Nancy Boas, Society of Six
Edan Hughes, Artists in California, 1786-1940
|Biography from AV Fine Arts:|
could read a biography of Bernard Von Eichman without a feeling of
sorrow for what might have been. In 1928, an article about him in the Oakland Times noted: "... This flame-haired young man, who looks more
like a hard-fisted seaman or a baseball player than anything else, has
done something with his brushes and palette and tubes of paint that has
set not only bay artists, but a good many innocent bystanders by the
ears. And some of them are saying that here in the modern, mundane
world a genius has sprung forth who may single-handed put California on
the map in an important, artistic way. ...|
"When he left his
first wife, and California, for New York in 1928, he was a
near-celebrity. But after arriving in New York and comparing his talent
to that of the local artists, he came to the wrong conclusion that he
fell far short. He would show up at the galleries with his work, but
would usually leave before the gallery owners could view his paintings.
In the mid 30s he remarried, but his wife convinced him that his
artwork was not very good. So, except for a short period in the 1960s,
he stopped painting altogether, and worked to support his family during
the last 35 years of his life.
He visited Louis Siegriest in
1942, after his return from New York, but Siegriest never saw Von
Eichman again after that (to Siegriest's great disappointment). Von
Eichman's son commented that his father rarely mentioned his artistic
past, and never mentioned his connection to the Society of Six. As far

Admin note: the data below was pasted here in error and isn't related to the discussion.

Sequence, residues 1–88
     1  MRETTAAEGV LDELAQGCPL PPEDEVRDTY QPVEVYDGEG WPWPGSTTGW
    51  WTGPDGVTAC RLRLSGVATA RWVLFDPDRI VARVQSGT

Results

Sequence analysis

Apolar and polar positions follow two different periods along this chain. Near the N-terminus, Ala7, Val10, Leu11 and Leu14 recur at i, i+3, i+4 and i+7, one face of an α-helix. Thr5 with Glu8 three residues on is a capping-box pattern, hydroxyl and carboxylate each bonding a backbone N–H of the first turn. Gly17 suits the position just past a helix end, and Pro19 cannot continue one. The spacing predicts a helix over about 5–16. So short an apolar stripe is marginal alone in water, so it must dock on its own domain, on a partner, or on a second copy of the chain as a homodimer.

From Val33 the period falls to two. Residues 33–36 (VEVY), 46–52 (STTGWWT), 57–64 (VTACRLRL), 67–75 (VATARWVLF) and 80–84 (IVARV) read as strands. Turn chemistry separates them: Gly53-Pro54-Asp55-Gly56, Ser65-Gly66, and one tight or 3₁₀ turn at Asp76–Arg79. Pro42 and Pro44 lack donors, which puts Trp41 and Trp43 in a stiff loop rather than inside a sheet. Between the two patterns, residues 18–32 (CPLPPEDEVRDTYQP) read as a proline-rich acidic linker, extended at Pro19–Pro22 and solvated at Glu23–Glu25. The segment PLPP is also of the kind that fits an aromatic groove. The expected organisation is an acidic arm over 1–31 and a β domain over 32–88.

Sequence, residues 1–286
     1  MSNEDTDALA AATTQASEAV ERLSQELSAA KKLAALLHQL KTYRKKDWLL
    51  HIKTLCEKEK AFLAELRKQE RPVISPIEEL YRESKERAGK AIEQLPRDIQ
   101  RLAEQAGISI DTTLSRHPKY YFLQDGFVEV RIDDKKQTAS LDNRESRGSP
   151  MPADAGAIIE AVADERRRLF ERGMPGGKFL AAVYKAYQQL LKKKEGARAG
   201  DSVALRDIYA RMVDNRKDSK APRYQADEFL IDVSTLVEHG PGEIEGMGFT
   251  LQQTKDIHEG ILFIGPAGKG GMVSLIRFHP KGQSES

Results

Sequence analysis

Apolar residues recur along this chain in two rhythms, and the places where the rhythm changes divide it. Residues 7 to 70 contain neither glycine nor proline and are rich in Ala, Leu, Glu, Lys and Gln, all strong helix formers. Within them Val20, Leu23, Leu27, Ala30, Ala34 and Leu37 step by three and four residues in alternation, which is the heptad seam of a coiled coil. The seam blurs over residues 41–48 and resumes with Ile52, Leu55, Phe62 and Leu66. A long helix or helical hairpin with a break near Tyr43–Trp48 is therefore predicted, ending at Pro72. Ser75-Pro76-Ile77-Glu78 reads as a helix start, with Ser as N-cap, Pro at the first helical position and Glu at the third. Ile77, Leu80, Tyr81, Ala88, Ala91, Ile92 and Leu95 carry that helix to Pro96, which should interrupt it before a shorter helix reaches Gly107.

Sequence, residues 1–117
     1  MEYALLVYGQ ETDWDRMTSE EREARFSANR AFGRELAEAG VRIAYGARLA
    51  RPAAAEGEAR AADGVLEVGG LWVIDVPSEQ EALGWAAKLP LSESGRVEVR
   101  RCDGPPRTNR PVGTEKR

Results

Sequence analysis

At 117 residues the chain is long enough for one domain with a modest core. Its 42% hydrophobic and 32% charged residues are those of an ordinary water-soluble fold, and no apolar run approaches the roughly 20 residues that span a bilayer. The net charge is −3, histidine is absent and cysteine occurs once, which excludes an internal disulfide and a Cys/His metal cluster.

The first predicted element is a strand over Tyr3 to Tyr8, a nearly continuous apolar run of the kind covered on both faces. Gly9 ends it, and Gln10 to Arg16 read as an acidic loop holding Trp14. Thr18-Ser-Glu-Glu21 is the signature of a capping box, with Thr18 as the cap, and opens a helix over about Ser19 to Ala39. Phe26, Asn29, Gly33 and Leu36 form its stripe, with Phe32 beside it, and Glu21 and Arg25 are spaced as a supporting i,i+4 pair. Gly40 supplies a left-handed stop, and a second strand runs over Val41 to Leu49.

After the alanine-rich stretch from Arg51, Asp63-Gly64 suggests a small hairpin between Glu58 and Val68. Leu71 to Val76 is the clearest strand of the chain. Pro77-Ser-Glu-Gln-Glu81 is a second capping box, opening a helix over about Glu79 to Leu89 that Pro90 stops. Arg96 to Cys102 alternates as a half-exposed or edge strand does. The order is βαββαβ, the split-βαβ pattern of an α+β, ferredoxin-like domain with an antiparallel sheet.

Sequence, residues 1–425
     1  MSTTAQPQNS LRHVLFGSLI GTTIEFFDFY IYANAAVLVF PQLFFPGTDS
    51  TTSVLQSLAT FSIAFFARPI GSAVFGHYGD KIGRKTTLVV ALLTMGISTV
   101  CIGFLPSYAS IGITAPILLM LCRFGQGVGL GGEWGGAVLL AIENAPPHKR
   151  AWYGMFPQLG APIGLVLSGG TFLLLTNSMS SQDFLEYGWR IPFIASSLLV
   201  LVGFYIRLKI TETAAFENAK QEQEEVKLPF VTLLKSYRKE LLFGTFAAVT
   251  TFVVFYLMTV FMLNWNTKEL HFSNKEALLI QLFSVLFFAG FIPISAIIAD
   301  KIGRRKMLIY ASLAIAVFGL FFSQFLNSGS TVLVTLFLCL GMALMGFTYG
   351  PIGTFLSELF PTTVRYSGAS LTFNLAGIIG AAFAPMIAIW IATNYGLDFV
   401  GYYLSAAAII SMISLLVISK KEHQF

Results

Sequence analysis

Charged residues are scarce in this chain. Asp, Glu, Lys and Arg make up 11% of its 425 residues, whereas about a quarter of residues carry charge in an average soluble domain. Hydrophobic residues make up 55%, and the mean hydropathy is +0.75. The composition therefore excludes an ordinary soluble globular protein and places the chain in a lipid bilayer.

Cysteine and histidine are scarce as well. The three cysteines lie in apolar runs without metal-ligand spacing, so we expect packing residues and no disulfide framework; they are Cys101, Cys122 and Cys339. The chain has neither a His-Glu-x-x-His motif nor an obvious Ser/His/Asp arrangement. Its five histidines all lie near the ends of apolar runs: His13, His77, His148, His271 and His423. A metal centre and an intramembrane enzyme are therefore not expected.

as his children knew, he'd been a worker at the Vallejo shipyards, a
union house painter, a house renovator, and amateur photographer most
of his adult life. "It's a shame that he is gone, because no one really
took an interest in anything he did. No one even said, "Gee Dad, great
Von Eichman burned most of his artwork two years
before he died because he was tired of carrying it around from place to
He died of cancer in 1970, in Santa Rosa, California.
|Biography from William A. Karges Fine Art - Beverly Hills:|
|Bernard Von Eichman was born in San Francisco in 1899, where he
suffered a difficult childhood. He managed to enroll in the
California College of Arts & Crafts in 1915, where he met Louis
Siegriest with whom he would later exhibit as a member of the “Society
of Six.” |
From 1918-1930, Von Eichman exhibited his bright modernist works with
the Six, a group opposed to the dominant Tonalism that was popular in
the Bay Area. Von Eichman was an established artist in the 1930’s
when he left for relative obscurity in New York, where he lived until
the onset of WW II.
Returning to California, he was a resident of San Francisco and
Monterey until his death in 1970, shortly before which he burned a
great portion of his life’s work.
|** If you discover credit omissions or have additional information to add, please let us know at registrar@AskART.com.|
Bernard Von Eichman is also mentioned in these AskART essays:
Impressionists Pre 1940
Society of Six